On 6 June 1859, Queen Victoria approved the creation of a new colony to be called Queensland. On 10 December of the same year, Sir George Ferguson Bowen arrived in Brisbane as the new colony's Governor and officially proclaimed the Colony of Queensland.
Brisbane at this time was a small settlement of fewer than 6000 people. It is now Queensland's capital city. There was one newspaper, the Moreton Bay Courier. Amenities such as a satisfactory water supply, drainage and sewerage were lacking. In fact, water supply was sourced from ponds near Roma Street and sanitation was mainly by cesspools.
Roads were unpaved and street lighting did not exist. Issues such as drainage, health, sanitation and building design were recurring topics in the early days of the colony. It was in this environment that several of Queensland's most prestigious buildings, including Parliament House, were constructed.
From December 1859 to April 1860, Queensland was governed by an interim Executive Council. Electoral rolls were prepared and the first election was held between April and May 1860 for 26 Members from the 16 electorates established for the first Legislative Assembly. In addition, 11 men were appointed to the Upper House, the Legislative Council, for terms of five years. Later appointments were for life.
A Look at Parliament House and its Precinct
Parliament House is Queensland's premier heritage building and one of Brisbane's best known landmarks. Located on the corner of George and Alice Streets, it overlooks the expansive and majestic Botanic Gardens. It is further bound by the Brisbane River and the Queensland University of Technology. The buildings contained within the parliamentary precinct date from different stages in the history of Queensland, ranging from 1868 through to 1979. Major refurbishments of the George and Alice Street buildings occurred in 1982 and of the Annexe in 2000.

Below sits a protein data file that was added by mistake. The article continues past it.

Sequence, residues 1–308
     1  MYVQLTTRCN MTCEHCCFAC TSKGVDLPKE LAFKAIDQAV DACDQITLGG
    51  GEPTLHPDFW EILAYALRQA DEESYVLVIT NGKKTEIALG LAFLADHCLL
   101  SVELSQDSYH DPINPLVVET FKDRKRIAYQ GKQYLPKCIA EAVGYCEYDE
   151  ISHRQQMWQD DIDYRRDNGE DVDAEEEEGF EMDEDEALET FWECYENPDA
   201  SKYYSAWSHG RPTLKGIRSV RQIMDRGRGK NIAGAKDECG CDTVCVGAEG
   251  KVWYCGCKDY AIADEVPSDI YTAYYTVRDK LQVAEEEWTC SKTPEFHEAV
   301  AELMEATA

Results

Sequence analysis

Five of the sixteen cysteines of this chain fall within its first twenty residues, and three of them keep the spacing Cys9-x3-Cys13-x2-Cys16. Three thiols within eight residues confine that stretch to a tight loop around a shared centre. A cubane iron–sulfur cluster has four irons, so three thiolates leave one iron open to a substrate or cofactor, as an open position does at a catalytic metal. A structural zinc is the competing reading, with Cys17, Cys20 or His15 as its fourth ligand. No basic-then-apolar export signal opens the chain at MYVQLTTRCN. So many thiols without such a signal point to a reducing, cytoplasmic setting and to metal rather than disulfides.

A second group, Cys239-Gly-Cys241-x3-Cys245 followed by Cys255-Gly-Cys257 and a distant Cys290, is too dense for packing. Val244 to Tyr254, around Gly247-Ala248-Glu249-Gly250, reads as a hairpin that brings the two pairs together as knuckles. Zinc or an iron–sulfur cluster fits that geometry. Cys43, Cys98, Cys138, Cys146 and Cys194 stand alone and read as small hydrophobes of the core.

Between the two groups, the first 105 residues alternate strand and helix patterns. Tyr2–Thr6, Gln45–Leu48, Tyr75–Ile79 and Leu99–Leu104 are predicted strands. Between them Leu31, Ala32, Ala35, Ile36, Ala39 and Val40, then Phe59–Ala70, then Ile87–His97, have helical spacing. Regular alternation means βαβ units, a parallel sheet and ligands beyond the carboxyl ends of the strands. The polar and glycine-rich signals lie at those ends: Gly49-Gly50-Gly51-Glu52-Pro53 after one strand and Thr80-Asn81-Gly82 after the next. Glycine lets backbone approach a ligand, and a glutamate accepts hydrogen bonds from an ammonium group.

The interior rooms of Parliament House are ornately decorated and the principal rooms retain much of their original, purpose-made furniture.
The building was started in 1864, first occupied in 1868, and finally completed 25 years later in 1889. It is characterised by solid colonnades which keep the building cool in summer, some truly magnificent timber work which was produced from local Queensland timbers, and an impressive and gracious interior.
The Queensland Parliament met for the first time on 22 May 1860, the anniversary of Captain Cook's charting of Moreton Bay, in the old convict barracks in Queen Street, roughly opposite the current Myer Centre.
Tiffin contributed greatly to the quality of historical architecture throughout Queensland. Apart from designing Parliament House, he was also responsible for Old Government House, the Customs House, the Old Ipswich Court House, the Lands Office, Sandy Cape Lighthouse, as well as several other buildings including churches and post offices around the state. Several projects were completed in his personal time.
Housing the Governor was the new Parliament's priority building project. As a result, the building of Government House currently located within the Queensland University of Technology grounds, commenced in late 1860.